council sounds warning on loss of pollinators to US
Bees, bats and other vital pollinators are declining
across North America, placing crops and other plants
at risk, according to a new report by the National Research
Council. The report finds that shortages of pollinators
already exist and warns that continued decreases in
wild populations could disrupt ecosystems and agricultural
This is a decline that has credible potential to alter
the shape and structure of terrestrial ecosystems, a
spokeswoman said. Antibiotic-resistant pathogens and
encroachment by Africanized honeybees also are hurting
North American honeybee levels, the committee said,
and there is clear evidence of a honeybee shortage.
Last year farmers imported honeybees from outside North
America for the first time since 1992, which brings
new risks of new pests and parasites.
New livestock label
verifies humane treatment on family farms
Farmers have a new way to show the marketplace that
they take care of each individual animal’s comfort
and well-being with the “Animal Welfare Approved”
label, sponsored by the Animal Welfare Institute (AWI)
of Washington, D.C.
The label criteria include only independent family
farms that include 100 percent of their production under
the label, which requires a rich environment where animals
can socialize naturally and have no fear or stress-induced
inclination to harm each other. It prohibits debeaking
for chickens and tail docking for hogs.
The first farms to earn the AWA seal were those that
supply pork to Niman Ranch. Scientists, veterinarians
and farmers were consulted during the drafting of the
Animal Welfare Approved standards, and AWI and its agents
inspect farms for compliance before awarding the seal,
and on a continuing basis.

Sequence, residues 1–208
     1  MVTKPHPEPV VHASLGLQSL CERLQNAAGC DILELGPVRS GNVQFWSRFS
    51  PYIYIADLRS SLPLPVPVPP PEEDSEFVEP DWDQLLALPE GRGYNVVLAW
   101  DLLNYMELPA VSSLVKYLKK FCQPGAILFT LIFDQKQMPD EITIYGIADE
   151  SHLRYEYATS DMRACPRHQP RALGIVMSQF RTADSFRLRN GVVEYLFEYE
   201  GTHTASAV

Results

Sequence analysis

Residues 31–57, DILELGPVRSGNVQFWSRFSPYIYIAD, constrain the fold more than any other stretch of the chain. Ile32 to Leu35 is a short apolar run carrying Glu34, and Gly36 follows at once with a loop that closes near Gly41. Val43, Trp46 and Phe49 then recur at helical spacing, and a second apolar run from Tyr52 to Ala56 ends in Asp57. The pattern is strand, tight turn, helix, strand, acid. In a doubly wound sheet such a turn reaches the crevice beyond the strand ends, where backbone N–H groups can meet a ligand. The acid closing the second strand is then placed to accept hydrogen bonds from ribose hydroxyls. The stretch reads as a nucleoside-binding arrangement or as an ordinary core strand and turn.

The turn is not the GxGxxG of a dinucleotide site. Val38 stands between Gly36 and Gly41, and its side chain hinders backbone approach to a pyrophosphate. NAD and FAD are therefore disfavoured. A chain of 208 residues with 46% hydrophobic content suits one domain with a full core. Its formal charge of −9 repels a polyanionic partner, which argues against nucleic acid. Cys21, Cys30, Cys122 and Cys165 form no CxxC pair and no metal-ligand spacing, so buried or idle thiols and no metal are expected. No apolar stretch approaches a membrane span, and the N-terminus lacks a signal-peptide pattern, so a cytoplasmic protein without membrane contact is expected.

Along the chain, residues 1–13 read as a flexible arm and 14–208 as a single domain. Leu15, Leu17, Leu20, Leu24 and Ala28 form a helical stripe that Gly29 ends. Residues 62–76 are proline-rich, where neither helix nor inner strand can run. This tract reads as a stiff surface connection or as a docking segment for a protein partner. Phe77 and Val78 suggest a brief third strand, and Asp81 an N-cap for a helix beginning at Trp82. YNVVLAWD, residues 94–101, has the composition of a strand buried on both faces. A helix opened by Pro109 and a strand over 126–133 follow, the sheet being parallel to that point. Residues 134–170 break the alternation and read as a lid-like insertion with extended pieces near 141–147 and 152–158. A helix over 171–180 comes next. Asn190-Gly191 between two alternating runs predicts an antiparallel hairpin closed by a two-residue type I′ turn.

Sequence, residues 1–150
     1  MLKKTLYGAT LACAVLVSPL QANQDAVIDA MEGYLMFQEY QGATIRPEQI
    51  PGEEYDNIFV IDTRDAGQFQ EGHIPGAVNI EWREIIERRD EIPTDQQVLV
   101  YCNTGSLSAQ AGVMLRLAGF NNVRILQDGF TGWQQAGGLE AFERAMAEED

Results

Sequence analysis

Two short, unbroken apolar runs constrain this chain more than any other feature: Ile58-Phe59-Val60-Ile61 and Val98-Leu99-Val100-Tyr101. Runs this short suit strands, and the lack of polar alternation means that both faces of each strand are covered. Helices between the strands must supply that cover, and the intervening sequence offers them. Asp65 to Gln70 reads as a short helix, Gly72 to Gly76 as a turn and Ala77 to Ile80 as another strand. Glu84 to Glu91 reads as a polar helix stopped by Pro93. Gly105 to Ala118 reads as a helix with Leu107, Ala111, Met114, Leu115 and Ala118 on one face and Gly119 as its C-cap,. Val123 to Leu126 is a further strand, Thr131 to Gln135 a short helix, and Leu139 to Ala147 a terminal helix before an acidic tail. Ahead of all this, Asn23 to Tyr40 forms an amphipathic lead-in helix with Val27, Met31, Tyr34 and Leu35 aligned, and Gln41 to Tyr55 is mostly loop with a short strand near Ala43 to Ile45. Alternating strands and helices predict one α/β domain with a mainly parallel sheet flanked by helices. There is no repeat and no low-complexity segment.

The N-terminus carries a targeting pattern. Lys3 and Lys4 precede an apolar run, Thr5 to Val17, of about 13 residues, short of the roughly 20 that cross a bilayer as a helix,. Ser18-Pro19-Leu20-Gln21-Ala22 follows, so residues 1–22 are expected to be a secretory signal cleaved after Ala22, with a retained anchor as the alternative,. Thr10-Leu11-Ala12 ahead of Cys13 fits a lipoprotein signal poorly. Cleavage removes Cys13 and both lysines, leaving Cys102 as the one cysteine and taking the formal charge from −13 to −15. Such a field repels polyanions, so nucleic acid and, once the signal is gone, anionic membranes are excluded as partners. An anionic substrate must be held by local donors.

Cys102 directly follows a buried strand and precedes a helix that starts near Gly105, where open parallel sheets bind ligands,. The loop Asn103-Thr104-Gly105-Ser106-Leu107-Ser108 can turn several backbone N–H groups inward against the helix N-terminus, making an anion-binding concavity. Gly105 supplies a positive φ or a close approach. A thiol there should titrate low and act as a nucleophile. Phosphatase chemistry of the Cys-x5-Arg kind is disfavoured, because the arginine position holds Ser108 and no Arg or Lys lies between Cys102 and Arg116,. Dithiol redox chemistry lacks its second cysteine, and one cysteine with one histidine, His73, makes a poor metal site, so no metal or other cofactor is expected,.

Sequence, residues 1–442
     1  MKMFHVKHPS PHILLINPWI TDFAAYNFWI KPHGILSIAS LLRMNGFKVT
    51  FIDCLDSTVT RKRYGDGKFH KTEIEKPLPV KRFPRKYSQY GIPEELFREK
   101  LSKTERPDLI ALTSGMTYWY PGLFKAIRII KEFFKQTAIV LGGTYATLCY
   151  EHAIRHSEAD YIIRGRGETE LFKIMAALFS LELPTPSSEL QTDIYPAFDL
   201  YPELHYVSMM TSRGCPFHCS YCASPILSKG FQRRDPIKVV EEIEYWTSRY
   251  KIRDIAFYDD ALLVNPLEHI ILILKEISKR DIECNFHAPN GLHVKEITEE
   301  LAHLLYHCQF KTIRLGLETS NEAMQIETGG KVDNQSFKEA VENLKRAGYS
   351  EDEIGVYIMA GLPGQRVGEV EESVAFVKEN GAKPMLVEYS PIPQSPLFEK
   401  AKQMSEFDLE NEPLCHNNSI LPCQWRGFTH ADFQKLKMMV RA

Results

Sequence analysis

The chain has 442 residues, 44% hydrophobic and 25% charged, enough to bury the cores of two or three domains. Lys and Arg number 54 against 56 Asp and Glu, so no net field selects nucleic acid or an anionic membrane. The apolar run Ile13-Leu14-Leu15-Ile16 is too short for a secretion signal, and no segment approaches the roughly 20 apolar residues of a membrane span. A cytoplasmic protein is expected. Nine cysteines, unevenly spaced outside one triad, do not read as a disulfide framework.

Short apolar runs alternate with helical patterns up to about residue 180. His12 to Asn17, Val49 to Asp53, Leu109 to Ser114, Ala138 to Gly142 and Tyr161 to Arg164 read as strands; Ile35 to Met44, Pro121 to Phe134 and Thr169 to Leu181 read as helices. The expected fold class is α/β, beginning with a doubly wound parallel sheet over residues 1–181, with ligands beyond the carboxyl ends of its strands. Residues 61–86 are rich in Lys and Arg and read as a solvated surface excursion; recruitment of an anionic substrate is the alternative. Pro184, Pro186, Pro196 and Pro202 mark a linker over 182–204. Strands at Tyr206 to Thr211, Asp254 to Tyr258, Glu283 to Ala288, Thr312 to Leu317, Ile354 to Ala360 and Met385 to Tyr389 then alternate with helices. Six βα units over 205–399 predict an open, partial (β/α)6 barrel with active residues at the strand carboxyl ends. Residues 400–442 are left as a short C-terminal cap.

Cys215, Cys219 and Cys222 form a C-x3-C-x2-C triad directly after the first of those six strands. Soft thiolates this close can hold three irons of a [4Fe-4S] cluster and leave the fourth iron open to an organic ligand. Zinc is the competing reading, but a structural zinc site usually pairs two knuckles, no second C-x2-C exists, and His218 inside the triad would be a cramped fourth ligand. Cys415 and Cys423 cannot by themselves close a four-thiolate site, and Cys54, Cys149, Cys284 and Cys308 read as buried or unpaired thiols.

Dairy farmer groups agree
on pasture, replacement standards
Groups representing more than 850 of the nation’s
estimated 1,000 certified organic dairy farmers called
recently for the USDA National Organic Program to issue
two clarifying descriptions in its dairy standards.
The groups are The Northeast Organic Dairy Producers
Alliance (NODPA), the Midwest Organic Dairy Producers
Association (MODPA) and the Western Organic Dairy Producers
They named these two items as the “cornerstones
of organic certification and the continuing integrity
of the USDA Organic Seal”:
- After the dairy operation has been certified, animals
brought on to the operation must be organically raised
from the last third of gestation, regardless of how
or when they converted to organic dairy production.
- Dairy cows over 6 months old, whether dry or lactating,
should graze pasture during the grazing season but
for no less than 120 days a year and the grazed feed
must provide significant intake, at a minimum an average
of 30 percent of the dry matter intake per cow per
The groups span the nation and succeed in varied geographical
and climatic situations. Their producer members range
from those that milk 15 cows in Maine to 5,000-cow herds
grazing irrigated pasture in the arid high desert in
For more information and clarification please contact
Ed Maltby, NODPA Executive Director, 413-772-0444 or
IFOAM International Organic
Livestock Conference audio recordings available
More than 250 people from 25 countries participated
in the IFOAM International Conference on Animals in
Organic Production was held August 23-25, 2006 at the
University of Minnesota’s St. Paul campus. Events
included farm tours, keynotes, extensive workshops,
and networking among organic producers and researchers
from around the world.
Over the coming months, selected presentations will
be posted on the University of Minnesota's Organic Ecology
ag leaders cheer win of organic farmer to Montana senate
Jon Tester, an organic farmer and leader in the organic
movement since 1987, is now the junior senator-elect
from Montana. A third generation farmer from Big Sandy,
he has been farming organically for nearly 20 years.
In 2005, Tester and his wife Sharla were named outstanding
agricultural leaders by the College of Agriculture at
Montana State University. Their T-Bone Farms is a diversified
organic operation with 1400 acres.
Thomas B. Harding, former president of the International
Federation of Organic Agriculture Movements (IFOAM),
is a colleague of Jon Tester and director of Agrisystems
International. He said, "Jon …is an extraordinary
man - one who walks his talk, an excellent organic farmer,
dedicated to the family farmer, the farm community and
to organic agriculture in general. He sees the big picture
and he will make a very great difference to all of us
as he meets his elected responsibilities in the U.S.